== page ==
Throughout the year, Intuit employees come together to develop products and services to further improve the customer experience. To recognize our employees’ superior work, Intuit honors them in many ways, including with the Scott Cook Innovation Awards. Today, we’re looking at the inspiring work accomplished by the Karate team.
In December 2016, an Intuit engineer named Peter Thomas was troubleshooting a test that would randomly fail. Peter was convinced that a new approach was needed, and decided to use his unstructured time (UT) to develop a solution.
Peter used an open-source testing framework worked called Cucumber to quickly build a prototype that could interpret short, human-friendly commands expressing the “intent” of calling a web-service. The success of this prototype – named Karate – led Peter to create a super-readable Domain Specific Language (DSL) for making any kind of web-service call.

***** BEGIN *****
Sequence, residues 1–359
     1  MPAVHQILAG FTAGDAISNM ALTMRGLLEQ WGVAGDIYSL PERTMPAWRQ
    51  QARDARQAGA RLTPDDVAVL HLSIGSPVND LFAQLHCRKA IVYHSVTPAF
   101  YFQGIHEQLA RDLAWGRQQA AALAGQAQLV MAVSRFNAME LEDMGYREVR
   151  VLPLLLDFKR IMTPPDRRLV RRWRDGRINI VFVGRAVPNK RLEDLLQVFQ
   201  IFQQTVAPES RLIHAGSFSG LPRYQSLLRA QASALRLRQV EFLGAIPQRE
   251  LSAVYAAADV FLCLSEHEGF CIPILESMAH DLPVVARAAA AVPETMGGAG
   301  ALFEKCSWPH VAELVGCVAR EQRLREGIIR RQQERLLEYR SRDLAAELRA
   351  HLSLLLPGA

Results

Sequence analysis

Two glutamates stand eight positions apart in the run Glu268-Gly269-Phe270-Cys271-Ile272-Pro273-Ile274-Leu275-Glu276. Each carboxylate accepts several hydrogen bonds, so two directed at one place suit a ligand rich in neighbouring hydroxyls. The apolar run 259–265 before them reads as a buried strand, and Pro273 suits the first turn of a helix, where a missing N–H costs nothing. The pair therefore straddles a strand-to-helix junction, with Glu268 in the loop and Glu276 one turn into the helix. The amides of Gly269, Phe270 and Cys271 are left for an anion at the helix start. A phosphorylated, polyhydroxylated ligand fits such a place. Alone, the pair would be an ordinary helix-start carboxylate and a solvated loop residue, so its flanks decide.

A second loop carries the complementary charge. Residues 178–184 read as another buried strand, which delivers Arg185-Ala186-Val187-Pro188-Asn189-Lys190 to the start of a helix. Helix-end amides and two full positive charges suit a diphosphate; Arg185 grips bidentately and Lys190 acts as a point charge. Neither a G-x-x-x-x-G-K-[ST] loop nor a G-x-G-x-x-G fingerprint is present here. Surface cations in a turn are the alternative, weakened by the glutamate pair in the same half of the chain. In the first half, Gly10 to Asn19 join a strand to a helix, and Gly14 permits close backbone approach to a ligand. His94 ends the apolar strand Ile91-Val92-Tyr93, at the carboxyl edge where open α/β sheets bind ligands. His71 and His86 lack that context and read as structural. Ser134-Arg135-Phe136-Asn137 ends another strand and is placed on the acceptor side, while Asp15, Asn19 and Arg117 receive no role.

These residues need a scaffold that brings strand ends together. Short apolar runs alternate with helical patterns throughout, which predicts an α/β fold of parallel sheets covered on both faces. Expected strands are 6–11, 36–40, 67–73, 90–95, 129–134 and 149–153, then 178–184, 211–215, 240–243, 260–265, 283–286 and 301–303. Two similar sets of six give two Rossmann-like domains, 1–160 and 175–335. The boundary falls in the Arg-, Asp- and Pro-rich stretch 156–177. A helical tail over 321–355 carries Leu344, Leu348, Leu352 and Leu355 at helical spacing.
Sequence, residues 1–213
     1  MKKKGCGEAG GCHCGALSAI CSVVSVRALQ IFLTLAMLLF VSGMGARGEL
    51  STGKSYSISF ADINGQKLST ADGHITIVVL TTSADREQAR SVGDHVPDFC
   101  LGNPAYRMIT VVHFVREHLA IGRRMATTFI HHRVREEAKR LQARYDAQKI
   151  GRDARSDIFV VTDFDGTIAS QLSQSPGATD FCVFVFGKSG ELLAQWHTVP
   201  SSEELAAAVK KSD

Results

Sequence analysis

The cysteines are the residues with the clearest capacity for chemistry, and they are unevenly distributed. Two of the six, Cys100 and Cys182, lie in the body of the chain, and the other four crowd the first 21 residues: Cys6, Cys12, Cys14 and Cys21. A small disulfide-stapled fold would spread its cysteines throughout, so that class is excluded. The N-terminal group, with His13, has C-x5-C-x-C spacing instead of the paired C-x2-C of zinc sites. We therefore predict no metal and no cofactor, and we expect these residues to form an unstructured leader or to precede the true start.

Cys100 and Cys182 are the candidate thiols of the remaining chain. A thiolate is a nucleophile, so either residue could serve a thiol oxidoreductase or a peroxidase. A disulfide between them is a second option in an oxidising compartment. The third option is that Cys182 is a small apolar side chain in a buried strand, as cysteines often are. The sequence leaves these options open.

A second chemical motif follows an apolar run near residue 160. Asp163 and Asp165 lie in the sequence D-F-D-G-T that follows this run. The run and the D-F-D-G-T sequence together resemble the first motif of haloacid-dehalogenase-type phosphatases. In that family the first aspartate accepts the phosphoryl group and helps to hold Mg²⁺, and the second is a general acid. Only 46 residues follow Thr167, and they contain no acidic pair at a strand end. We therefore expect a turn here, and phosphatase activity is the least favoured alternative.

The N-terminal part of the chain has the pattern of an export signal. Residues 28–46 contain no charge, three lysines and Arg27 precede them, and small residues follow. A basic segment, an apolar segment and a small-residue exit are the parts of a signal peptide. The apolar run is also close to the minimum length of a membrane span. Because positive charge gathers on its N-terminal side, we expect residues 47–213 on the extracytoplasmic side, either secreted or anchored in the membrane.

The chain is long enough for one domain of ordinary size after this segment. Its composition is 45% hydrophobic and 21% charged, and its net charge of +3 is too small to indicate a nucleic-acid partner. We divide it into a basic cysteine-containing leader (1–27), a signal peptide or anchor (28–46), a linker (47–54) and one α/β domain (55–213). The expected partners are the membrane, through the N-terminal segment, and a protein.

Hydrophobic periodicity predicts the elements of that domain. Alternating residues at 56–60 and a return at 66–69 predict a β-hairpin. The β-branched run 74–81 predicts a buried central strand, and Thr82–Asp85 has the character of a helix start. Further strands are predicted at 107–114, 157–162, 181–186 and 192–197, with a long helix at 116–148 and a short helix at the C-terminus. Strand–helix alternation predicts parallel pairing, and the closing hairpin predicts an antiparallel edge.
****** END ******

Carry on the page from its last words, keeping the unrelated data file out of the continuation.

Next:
Director PCG and Peter’s manager, Arun Ragothaman, recommended that Peter open-source Karate as a way to validate its utility. If it failed to gain adoption, it would only mean the loss of Peter’s UT effort. If there was adoption outside of Intuit, it would prove conclusively that Karate had merit. Open-sourcing would also accelerate the process of community feedback.
Peter released Karate onto Github and within weeks the feature gained notoriety. Prominent test-automation evangelist, Joe Colantonio, posted about the feature on his blog as well as a ten minute YouTube tutorial to talk about the benefits of Karate. The founder of Assertible, Christopher Reichert, featured Karate as one of the 10 API Testing Tools To Try in 2017.
After its successful release on Github, Intuit teams began using Karate. Engineers consistently report that Karate is 30% faster than traditional methods and report finding more bugs because of their ability to write more complete web service test suites. In addition, Karate has over 305 “stars” which are similar to Facebook “likes,” 1000 downloads, is being actively contributed to by engineers in other companies, and Karate started appearing in job-listings (as a desired skill) just within 6 months after release, which is unprecedented.
We are happy to congratulate Peter Thomas, the creator of Karate and Arun Ragothaman as a critical contributor for the Scott Cook Innovation Award. It’s ideas like yours that keep Intuit powering prosperity.